Individuals have lined during that time to registration while a few brought pads and duvets realizing they would be compelled to rest on terminal floors. Others dropped on baggage claims while sitting tight hours for their bags, some of which never showed up and are missing 96 hours after the fact.

Those made up for lost time in the savagery have depicted shops selling out of food and water and individuals being too terrified to even think about going to the latrine on the off chance that they lose their position in the lines winding around terminals at Manchester, Stansted, Birmingham, Bristol, Gatwick and Heathrow.

Understudy Isabelle Gray, 27, told the Evening Standard that checking in at Gatwick today was ‘damnation on wheels’.

She said:

‘I showed up here soon after 5am and lined for very nearly 2 hours to check my pack in, the line was around 500 profound and there was one individual at the really take a look at in work area. Certain individuals close to me were considering placing their bag in a storage and rushing to the door with simply hand gear.’

Carriers and air terminals have been faulted for the butchery having sliced staff during the pandemic while hoovering up leave of absence installments and state help. Presently they need more laborers to adapt – and can’t track down individuals to fill frequently low-paid opening – as the numbers booking unfamiliar occasions over the Platinum Jubilee week and through the late spring months hit pre-pandemic levels.

Jayesh Patel, whose half term break to Kos had been two years in the preparation, said there was outrage and tears as two police officers showed up to peruse an assertion from TUI, minutes after they started getting texts letting them know their flight and bundle breaks wouldn’t go on.

He told the BBC today: ‘The air terminal was understaffed, a ton of the power source had ran out of food or shut down at 6pm. We got called to the door for the 7pm take off – four hours late. There was no staff.

‘Individuals were exceptionally disturbed – some were going on their special first night. And afterward we as a whole begun getting messages that the flight was presently dropped and on the grounds that it was a bundle booking the entire occasion was dropped’.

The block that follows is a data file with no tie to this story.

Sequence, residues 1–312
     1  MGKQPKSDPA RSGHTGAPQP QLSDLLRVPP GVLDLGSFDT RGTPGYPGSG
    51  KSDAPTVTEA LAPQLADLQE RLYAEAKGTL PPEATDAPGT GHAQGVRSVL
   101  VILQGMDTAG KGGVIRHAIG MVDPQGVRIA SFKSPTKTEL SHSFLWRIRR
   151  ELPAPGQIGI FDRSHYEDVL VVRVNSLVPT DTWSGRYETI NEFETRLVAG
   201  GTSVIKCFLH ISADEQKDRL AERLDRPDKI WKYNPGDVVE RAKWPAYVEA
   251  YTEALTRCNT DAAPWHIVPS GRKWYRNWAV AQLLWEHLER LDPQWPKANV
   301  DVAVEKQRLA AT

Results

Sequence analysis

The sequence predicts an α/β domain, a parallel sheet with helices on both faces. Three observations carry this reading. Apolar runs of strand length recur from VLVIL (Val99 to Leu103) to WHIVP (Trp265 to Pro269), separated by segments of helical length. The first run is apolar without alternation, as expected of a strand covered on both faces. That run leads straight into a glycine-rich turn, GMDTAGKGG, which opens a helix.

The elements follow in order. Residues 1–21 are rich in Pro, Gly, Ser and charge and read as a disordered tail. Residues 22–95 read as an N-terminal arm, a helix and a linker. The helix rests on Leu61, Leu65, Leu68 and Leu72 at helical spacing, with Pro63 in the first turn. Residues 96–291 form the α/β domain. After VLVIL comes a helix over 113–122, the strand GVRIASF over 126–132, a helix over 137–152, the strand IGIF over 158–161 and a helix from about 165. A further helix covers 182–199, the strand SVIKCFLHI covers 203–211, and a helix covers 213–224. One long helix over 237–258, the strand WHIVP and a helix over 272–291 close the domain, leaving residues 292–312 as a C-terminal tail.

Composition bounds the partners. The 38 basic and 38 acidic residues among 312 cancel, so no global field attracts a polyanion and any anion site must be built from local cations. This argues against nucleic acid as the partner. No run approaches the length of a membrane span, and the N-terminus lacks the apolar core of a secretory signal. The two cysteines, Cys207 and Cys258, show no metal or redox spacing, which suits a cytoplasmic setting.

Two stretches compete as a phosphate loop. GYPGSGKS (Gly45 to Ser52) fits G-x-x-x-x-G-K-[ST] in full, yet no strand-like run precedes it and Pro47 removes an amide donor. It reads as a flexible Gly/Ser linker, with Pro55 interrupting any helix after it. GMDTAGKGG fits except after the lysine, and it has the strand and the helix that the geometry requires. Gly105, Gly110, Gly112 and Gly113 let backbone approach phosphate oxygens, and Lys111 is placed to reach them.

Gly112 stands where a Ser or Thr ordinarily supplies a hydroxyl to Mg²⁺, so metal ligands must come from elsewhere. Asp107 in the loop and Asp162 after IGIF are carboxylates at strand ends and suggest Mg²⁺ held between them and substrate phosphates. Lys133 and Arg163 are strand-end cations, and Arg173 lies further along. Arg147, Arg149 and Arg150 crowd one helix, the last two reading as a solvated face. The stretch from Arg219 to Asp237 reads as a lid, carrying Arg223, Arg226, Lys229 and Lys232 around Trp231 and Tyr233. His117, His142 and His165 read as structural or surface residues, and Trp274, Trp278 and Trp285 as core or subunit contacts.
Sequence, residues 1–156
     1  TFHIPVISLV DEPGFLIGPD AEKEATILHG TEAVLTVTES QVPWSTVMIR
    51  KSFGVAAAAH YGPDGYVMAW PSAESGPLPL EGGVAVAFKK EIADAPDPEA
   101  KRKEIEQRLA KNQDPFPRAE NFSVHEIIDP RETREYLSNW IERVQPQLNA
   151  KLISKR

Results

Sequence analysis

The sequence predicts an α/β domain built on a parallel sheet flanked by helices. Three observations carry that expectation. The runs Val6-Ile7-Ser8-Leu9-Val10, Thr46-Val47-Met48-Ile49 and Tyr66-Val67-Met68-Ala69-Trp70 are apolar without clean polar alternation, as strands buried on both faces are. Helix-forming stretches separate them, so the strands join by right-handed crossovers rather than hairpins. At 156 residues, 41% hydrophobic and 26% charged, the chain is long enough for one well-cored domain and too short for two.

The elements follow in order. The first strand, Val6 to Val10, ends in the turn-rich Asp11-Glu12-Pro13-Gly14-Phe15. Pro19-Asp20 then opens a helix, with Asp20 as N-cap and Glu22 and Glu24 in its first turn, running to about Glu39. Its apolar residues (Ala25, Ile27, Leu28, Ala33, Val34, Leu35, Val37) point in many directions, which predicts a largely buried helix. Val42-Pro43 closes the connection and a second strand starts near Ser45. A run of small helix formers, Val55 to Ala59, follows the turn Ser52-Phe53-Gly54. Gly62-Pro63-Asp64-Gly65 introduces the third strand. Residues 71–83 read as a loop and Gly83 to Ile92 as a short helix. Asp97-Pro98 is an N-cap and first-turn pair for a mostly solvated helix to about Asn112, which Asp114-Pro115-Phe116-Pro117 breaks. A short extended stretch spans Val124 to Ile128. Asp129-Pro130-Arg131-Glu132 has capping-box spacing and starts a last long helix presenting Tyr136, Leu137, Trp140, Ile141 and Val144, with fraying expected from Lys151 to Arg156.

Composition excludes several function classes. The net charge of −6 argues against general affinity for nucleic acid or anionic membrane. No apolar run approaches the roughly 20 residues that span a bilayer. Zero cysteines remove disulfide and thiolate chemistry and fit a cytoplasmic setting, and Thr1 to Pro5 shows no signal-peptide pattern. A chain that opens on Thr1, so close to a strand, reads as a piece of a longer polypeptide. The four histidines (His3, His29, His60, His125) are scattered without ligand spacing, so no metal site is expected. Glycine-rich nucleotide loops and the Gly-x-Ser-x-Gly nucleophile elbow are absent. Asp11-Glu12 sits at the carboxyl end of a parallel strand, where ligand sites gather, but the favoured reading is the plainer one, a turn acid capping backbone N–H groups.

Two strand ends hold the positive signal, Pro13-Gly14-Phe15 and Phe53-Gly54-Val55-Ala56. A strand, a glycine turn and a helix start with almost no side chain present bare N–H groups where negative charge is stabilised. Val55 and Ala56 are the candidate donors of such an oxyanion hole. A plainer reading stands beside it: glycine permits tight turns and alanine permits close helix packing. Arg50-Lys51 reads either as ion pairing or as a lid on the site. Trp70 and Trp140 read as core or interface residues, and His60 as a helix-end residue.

He added: ‘The most obviously awful part that there was no Tui staff to help. And afterward two cops showed up and peruse an assertion letting us know how we would leave the air terminal. Since the plane hadn’t shown up from anyplace, our flight wasn’t recorded at any of the baggage claims so we didn’t have any idea where to pause – individuals were apparently upset and youngsters were crying. We then needed to stand by one more several hours and right now, we’d went through the entire day at the air terminal and simply needed to leave. ‘

As movement mayhem destroyed itinerary items for the celebration and half term, it arose today:

Thousands have their breaks postponed, upset or annihilated because of staff deficiencies at air terminals and carriers;
MPs have blamed transporters for selling tickets they can’t respect and want to send off examination concerning the confusion;
Carriers fault an absence of group and ground staff created by a setback for the Government finishing security checks of new staff;

It was police, not TUI staff, who were sent in to tell weary passengers at Manchester Airport that their entire holiday to Greece was cancelled and they had to leave
Gatwick: Tired travellers lay on the carousel at the West Sussex airport as they wait for their bags to arrive in chaotic scenes

Gatwick: Tired travellers lay on the carousel at the West Sussex airport as they wait for their bags to arrive in chaotic scenes